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Baby Huey's Thanksgiving: It's like Son-in-Law but without that Pauly Shore douchebag!
by Baby Huey
I had to come up with a good title for this week's column, but at the same time, I needed to come up with a full Thanksgiving spread (hehehe, I said "spread"). So I figured, let's take a look at my internal dialog when I started writing.
Ok, Josh, let's get crackin. Gotta come up with a good title. Shit! Writer's block. Ok, time to plagiarize. Punchline to a joke? Naw, too hard. Album title? Too obscure. I'VE GOT IT. Thanksgiving-themed movies! Ok, let's run down some options.
Ok, now that I've got that done, I have to come up with a witty intro. Aw shit, a witty intro? Dammit! Oh wait, I should just write down my spastic thought process on the title! That'll work. Yeah.Besides, these aren't just any old recipes that I'm coming up with out of nowhere to tell the folks at home. Now that I'm a homeowner, the parents are coming to visit and I'm doing Thanksgiving for mom, stepdad, and brother. Just tell 'em what I'm making! Score. This'll be the easiest column ever!*
Cider-brined turkey breast
Normally, I wouldn't list hardware, but the cast iron skillet is absolutely necessary here, honestly. You're not gonna get the good crispy skin without it. If you don't have one, buy one. A 12" cast iron skillet is like $20 or 25, and worth every penny.
Put the turkey breast in a cooler just big enough to fit it. Cover it with the ice. In a sauce pan, add the cider, salt, sugar, whole sage leaves, peppercorns, bay, and orange zest and heat till the salt and sugar are dissolved. As soon as they're dissolved, pour over the ice and make sure it's covering the turkey. Close the cooler and let it brine in the refrigerator for 8 - 12 hours.
Put the skillet and the weight in a cold oven and heat it to 400 degrees. While the pans are heating up, take the turkey out of the brine and rinse it off. Pat it dry with paper towels. Sprinkle the skin side with salt, pepper, and the rubbed sage. Don't be shy.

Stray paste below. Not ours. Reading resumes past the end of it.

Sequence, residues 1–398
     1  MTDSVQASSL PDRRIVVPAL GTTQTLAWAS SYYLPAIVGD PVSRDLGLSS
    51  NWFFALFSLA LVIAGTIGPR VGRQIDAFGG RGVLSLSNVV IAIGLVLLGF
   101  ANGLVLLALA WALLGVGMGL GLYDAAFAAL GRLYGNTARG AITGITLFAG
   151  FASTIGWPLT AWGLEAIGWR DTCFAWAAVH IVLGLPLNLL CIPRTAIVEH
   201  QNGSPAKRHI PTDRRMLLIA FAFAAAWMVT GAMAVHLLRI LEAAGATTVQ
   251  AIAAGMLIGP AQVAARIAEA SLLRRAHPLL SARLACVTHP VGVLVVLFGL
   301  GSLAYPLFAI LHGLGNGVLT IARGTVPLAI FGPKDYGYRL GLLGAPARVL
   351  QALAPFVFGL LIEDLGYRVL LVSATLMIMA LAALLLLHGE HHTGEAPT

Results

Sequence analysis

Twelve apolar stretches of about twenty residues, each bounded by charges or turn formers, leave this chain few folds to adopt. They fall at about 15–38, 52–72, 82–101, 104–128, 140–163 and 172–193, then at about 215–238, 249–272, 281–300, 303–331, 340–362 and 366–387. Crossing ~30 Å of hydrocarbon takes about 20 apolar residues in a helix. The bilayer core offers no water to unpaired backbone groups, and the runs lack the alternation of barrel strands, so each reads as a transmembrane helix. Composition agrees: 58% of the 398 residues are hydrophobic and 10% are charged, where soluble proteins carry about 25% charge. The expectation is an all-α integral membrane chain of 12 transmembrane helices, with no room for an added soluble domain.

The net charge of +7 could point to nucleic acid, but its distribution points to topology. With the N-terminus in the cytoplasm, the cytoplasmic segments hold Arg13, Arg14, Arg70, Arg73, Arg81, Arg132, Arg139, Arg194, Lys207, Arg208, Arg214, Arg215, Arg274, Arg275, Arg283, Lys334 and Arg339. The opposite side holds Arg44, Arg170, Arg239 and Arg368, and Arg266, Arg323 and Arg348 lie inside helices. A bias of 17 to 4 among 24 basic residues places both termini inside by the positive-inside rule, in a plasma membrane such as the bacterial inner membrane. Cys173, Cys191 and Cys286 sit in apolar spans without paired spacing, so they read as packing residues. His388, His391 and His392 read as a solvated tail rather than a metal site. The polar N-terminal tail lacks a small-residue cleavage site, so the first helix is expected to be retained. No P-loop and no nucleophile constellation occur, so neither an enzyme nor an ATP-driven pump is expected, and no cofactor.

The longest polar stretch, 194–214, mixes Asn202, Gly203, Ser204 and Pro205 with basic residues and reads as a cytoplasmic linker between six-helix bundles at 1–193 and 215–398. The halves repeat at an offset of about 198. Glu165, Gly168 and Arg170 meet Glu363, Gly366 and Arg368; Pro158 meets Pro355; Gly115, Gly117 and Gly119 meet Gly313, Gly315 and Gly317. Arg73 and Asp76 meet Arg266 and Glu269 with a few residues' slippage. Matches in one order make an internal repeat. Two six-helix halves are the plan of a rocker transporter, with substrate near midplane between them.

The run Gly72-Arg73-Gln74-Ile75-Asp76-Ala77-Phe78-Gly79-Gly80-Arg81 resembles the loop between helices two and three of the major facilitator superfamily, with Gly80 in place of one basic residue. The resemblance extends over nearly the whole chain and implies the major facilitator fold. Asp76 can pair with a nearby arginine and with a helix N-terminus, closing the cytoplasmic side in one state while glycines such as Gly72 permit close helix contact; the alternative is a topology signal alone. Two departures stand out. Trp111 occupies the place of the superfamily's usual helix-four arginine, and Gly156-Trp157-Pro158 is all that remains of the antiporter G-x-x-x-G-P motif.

When the oven is heated up, pull the skillet out of the oven and put over medium-high heat (make sure to use a potholder, Alfred Einstein). Lower the oven heat to 350. Melt the butter in the skillet and when it's finished foaming, place the breast, skin side down, in the skillet. You should get some smoke and a lot of sizzle. Season the meat side with salt and pepper. Take the brick out of the oven (again, don't be a dumbass and use a pot holder) and press the weight (brick, 2nd skillet, whatever) into the meat. Cook on the stovetop for about 7 minutes to get a nice dark sear on the skin, it's going to make it nice and crispy. Put that in your 350 degree oven for about 35 minutes, or until a thermometer inserted into the center of the meat reads 155 degrees. Take the skillet out and move the weight out of the way, it's done its all. Put the turkey on a plate and cover lightly with foil, and let it rest for AT LEAST 20 minutes. There are 2 reasons for this. First, turkey breast is actually done at about 165 degrees -- a piece of meat this side does not just stop cooking when you take it out. It'll coast those last 10 degrees. Secondly, if you cut into it as soon as you take it out, the juice will run out and it'll be dry. That'd make me a sad messenger of Satan.
Now that you've made this kickass turkey, DO NOT TOUCH THAT SKILLET, because you're ready for ...